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December 04, 2019

What Is Mobility as a Service?



There has been an ongoing conversation within our cities. A revolution that some think is long overdue; that some think is imminent.  The transport industry, as a service in itself, is a sector that has seen minimal shifts and advancements since its advent. It would be difficult to imagine how different our cultures would have turned out without the movement of people and goods along social and economic lines. It, hence, comes surprisingly that the industry has only evolved infrastructure-wise while remaining rudimentary as a service. Herein comes Mobility as a Service, usually abbreviated as MaaS.



MaaS is a new-age thinking approach towards mobility that finally puts users at the heart of transport services. Ideally, it is meant to provide options and solutions to existing mobility challenges tailored to individual needs. Therefore, it creates a reduced need to own a mode of transportation personally. Alternatively, users consume mobility as a service, as they would equally for other aspects of life, such as mobile plans or internet provision.

As the experts speculate, this would present the most pivotal innovation seen in the transport sector after the automobile invention. While it takes the practical application to comprehend its ambit fully, the projections and potentials are remarkably promising. With the disruptive nature of our world today, this will be undoubtedly a necessary and great leap. Our lives are further moving to technological realms, as our inclinations are leading more people to urban setups, a convenient and efficient solution to moving people and goods around. All factors and existing challenges considered, it is about to transform our lives, once again.

How Does Mobility as a Service Work

Mobility as a Service integrates various modes of transport available at a particular location. They are combined into a single transport service that is accessible to users on demand. The service provides options, usually in bundles, that are flexible and seamless to the end-users. Thus the shift from privately owned modes of transport and multiple transport apps as well. The service combines public transport, car-hailing, car, and bike-sharing in a single platform. The coming together of private and public transportation creates a unified platform that the users can access at the convenience of a smartphone.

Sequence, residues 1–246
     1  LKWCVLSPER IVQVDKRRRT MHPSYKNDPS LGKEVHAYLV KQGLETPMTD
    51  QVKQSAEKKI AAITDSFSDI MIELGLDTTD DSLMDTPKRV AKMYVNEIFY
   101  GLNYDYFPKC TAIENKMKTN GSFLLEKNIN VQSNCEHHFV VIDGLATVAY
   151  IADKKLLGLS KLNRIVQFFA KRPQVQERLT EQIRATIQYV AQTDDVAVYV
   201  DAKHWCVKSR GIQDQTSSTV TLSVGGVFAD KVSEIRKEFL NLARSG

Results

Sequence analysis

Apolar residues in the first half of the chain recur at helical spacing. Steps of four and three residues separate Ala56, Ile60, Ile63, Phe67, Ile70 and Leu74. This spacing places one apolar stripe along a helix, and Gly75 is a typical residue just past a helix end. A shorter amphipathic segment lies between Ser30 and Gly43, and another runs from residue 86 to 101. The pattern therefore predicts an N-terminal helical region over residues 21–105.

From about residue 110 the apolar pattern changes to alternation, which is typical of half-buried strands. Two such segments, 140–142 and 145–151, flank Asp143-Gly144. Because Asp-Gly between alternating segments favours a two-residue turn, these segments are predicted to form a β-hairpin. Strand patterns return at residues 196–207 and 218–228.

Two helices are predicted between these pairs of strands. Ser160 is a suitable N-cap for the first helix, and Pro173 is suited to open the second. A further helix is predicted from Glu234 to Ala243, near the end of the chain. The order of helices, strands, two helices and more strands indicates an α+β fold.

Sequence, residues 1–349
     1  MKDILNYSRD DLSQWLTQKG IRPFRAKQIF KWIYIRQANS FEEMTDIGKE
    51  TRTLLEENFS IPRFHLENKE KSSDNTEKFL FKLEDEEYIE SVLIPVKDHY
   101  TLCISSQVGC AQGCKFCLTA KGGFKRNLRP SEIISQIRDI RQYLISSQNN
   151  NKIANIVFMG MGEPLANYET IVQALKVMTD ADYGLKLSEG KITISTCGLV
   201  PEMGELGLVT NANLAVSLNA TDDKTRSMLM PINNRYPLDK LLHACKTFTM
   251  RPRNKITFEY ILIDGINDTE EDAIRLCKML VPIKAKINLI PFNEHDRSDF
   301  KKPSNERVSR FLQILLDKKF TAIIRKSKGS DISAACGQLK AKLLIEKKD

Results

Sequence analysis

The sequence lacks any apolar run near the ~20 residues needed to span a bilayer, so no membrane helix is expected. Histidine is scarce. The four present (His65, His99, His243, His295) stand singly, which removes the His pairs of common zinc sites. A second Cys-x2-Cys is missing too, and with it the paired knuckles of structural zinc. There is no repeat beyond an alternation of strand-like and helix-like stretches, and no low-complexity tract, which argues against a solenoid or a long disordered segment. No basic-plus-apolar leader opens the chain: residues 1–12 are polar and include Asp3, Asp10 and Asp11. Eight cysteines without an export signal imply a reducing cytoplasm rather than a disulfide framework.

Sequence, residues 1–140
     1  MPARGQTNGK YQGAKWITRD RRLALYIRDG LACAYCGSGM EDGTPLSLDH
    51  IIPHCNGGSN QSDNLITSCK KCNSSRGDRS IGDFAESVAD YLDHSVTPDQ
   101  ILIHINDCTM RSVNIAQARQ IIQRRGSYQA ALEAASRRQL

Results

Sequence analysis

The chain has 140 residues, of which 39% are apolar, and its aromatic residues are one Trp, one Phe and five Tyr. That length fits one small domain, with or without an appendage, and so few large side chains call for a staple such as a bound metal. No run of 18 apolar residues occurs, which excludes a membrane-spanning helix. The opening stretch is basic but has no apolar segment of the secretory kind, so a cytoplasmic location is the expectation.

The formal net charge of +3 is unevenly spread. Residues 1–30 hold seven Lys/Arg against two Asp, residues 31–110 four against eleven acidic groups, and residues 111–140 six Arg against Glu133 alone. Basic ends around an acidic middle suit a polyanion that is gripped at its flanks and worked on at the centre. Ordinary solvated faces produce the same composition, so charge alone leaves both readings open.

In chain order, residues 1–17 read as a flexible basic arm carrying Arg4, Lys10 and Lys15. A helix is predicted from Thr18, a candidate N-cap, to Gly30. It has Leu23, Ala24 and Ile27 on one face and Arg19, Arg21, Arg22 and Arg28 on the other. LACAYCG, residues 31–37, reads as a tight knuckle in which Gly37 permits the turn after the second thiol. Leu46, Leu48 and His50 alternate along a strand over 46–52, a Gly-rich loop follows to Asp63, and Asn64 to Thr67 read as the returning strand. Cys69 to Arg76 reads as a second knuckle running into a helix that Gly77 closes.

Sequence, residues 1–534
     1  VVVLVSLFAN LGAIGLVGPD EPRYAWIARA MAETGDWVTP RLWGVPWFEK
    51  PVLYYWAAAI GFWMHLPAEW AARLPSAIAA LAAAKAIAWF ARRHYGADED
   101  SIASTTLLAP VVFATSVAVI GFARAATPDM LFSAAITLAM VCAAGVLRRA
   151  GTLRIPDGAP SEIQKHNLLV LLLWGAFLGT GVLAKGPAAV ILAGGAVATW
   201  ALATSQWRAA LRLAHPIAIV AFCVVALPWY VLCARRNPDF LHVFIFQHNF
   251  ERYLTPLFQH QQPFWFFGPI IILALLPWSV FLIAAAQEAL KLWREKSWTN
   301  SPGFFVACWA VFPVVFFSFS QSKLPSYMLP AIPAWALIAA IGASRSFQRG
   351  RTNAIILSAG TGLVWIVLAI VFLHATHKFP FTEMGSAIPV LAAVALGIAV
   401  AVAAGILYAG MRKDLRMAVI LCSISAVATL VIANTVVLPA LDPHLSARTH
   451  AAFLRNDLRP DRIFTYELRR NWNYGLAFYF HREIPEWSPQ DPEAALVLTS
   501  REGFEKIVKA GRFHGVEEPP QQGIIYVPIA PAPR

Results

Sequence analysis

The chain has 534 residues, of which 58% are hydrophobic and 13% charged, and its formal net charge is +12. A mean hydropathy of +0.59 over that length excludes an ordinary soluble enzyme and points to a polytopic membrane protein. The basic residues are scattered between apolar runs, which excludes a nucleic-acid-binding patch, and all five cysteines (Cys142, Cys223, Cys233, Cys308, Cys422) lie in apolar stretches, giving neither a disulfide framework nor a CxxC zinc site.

Consequently, users only have to make a single payment from their accounts for each and any of their trips. This is irrespective of the various modes they employ. Besides, the payments could be made per trip, or a monthly subscription to the multiple bundles’ options offered. Ergo, accessibility on demand ensures that each provision meets the specific needs of an individual user.

Analogous to case study help from Helsinki, MaaS is further opening myriad possibilities. Trip planning appears to be the most significant, as of yet. Whereby, users can see available combinations from a location to the other. Preferences in time, cost, and ease then dictate what the user ultimately chooses. Should the service allow roaming, then move in and around different cities transitions from a gruesome inconvenience to an irreproachable and effortless click on your phone.

What Are the Necessities of Mobility as a Service

Moving forward, Mobility as a Service will require three essential components to achieve its core objectives. Like any software, the service requires efficient hardware to operate smoothly. In this case, modern infrastructure that incorporates mobility services is pivotal.  Public transit and cycling lanes, present and functional, present the best approach. Reduced congestion on these roads opens the doors for autonomous vehicles that are crucial to MaaS’es progression and development in the future.

Data, in copious amounts, is equally an integral element. This allows analysts to break down the data and draw insights on the patterns and means of movement. Hence, mobility is optimized continually, relative to people, traffic, and time. Data, succinctly, provide the basis for strategies to be applied both short –term and long-term.

MaaS’es user-centric approach creates the need for incentives. After all, the success of the service is measured by the number of users adopting it. As such, governments will need to enact policies that entice and endorse all stakeholders: People, public, and private entities. Only when the service is accessible and affordable to all, including fair competition, does it meet all its goals and pertinent objectives?

Urban transport is about to undergo a drastic transformation imminently. There are undoubtedly several snugs that will be encountered on the way. Working together, nonetheless, we stand to be part of the biggest revolution, yet to be seen in the 21st century.



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